Continuing on with my bullet journal-like Memindex practice using 4 x 6 inch index cards for 2024. Happy to continue answering questions about it for the curious.

View down onto a table with 12 piles of index cards and tabbed dividers in a 3 row x 4 column layout. Row one has a pile of tabbed cards by month, a printed January 2024 calendar, a pile of January 2024 cards for monthly items, priorities and to do lists, a pile of tabbed cards labeled today, monthly, and future. Row two has piles for 1/5 cut tab dividers numbered 1-31 for the days of the month, 31 cards stamped for all the days of January (for daily to dos and events), a gridded tracker card with lines and dates for tracking weight, water, caffeine, sleep and mood, and tabbed dividers labeled: priority, projects, notes, file, blank. Row three has a tabbed divider for 2024 with a mini-calendar of all 12 months in a 3x4 grid, a pile of 12 purple cards the top one reads January Birthdays and Anniversaries, a pile of purple, blue, green, yellow, and red cards colored for daily, weekly, monthly, quarterly, and annual events and chores respectively, and a pile of tabbed dividers with the labels: Eisenhower Matrix, Crisis, Schedule, Distraction, and Defer. Lying across the gridded tracker card is a Pilot Hi-Tec-C Coleto gel ink multi pen in silver with four ink cartridges—blue and orange are showing.

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Chris Aldrich

I'm a biomedical and electrical engineer with interests in information theory, complexity, evolution, genetics, signal processing, IndieWeb, theoretical mathematics, and big history. I'm also a talent manager-producer-publisher in the entertainment industry with expertise in representation, distribution, finance, production, content delivery, and new media.

14 thoughts on “”

  1. Nick Simson says:

    Sorry if you’ve answered this elsewhere, but where can one find/order those 4×6 tab folders?

    1. Chris Aldrich says:

      I think I got all of these from Amazon originally:
      Smead 1/3 cut manilla
      Oxford 1/3 cut manilla laminated monthly
      1/5 cut colored plastic dividers with which I use Avery 5148 labels

  2. Joe Van Cleave says:

    I was a Hipster PDA advocate in the early aughts, I even made a cleanroom version (plastic covers and cleanroom paper) for use in a chip fab!

  3. Paul says:

    Two of these – the 1-year and 1-month calendars – appear to be printed.
    Do you print these yourself, and if so, do you print directly on 10×15 paper or on larger sheets which you cut to size?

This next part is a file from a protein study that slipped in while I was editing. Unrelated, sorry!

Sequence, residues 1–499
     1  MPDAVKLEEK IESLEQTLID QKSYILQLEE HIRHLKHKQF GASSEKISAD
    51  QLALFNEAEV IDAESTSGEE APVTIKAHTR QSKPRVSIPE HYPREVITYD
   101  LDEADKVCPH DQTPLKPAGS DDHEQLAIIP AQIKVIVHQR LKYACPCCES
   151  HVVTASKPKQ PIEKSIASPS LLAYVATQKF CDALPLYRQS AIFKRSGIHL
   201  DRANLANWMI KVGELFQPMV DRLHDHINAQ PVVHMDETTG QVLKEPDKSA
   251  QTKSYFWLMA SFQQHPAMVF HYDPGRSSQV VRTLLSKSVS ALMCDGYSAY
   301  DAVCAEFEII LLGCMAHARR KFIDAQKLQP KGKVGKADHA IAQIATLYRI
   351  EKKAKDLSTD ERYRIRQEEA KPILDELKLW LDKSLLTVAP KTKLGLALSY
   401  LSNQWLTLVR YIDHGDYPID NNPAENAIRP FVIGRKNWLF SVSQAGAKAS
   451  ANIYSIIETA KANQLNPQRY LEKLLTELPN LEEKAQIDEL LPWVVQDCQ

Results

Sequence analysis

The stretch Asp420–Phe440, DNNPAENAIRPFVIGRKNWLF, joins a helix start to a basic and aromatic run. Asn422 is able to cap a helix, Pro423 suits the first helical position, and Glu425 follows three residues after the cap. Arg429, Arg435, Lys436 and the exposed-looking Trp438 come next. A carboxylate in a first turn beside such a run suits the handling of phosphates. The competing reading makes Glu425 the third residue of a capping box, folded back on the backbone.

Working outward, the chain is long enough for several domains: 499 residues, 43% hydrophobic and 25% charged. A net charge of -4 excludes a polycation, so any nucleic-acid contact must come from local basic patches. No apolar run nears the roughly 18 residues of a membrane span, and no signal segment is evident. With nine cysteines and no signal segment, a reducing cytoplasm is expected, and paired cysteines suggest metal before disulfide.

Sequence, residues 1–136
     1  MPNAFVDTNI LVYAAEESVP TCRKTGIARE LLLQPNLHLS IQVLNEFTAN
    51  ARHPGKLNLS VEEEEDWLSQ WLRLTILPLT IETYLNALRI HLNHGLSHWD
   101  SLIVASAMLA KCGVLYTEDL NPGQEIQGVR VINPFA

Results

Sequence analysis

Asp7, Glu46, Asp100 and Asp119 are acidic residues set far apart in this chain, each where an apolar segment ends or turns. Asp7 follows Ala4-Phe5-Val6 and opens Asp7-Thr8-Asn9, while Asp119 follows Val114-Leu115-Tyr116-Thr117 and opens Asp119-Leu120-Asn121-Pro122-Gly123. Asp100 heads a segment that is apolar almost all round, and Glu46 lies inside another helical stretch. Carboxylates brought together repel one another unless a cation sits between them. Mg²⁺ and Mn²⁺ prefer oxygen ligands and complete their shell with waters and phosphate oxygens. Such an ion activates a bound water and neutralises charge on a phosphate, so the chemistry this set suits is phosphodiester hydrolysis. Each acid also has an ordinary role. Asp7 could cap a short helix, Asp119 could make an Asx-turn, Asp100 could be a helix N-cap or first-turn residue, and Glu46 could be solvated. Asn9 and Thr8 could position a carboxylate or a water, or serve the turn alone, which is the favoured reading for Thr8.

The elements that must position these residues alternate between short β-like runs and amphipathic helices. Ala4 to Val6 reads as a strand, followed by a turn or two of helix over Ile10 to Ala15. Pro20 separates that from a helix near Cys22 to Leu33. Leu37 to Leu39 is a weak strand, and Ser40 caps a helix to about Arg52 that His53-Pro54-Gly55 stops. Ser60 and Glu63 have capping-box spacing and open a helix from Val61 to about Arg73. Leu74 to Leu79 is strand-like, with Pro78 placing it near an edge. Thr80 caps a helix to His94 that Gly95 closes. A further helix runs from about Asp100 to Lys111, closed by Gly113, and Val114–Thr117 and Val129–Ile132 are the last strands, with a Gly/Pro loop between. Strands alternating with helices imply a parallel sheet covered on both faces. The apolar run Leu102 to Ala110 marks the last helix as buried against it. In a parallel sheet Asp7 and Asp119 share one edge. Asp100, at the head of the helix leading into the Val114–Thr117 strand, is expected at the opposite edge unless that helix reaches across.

I am asking because I have yet to find a decent way to print on 10×15 paper (4×6 inches).

    1. Chris Aldrich says:

      I think some of these printed versions were downloaded from I’ve seen some on Etsy sell pre-printed variations, but I’ve never tried them before. One can custom format paper outputs for printing on most printers though, it just takes some work depending on the editing software you’re using and how well they allow your printing outputs. Cutting sheets to size is certainly a way to go too.

      I’ve not looked into it, but Avery may have some 4 x 6″ preformatted templates you could use in programs like Microsoft Word and then print the outputs. Look at, for example.

      1. Giovani di Gesu says:

        Is there a description of the method/workflow you would like to share? Read your post with the lovely photos – looks like a bullet journal.

  4. manamesjaff says:

    I love this. Need to stare at this picture a while longer until I can understand. But I love it.

    Syndicated copies:

  5. Chris Aldrich says:

    Beyond staring and puzzling (which should work especially those familiar with the traditional notebook-based bullet journaling), perhaps these may help:

    Young, Pam, and Peggy Jones. Sidetracked Home Executives: From Pigpen to Paradise. Edited by Sydney Craft Rozen. 1977. Reprint, New York: Warner Books, 1981.

    1. Giovani di Gesu says:

      Found it. Very good book by Ms. Young and Ms. Jones!
      It is a Method/1 for the commoners . Very sensible.

      Thank you.

      (Method/1 – a systems design methodology by one of the big consulting firms).

    2. Giovani di Gesu says:

      Regarding Hawk Sugano, I was a big fan of his and his PoIC system.

      A few weeks ago, I did try to find him on the web, without success.
      Have you heard of or read about him recently?

      1. Chris Aldrich says:

        I haven’t seen anything recent from hawkexpress. The only stuff I’ve been able to find is his old site on His Flickr account hasn’t been active since 2015, but his Facebook account was active in the last month:


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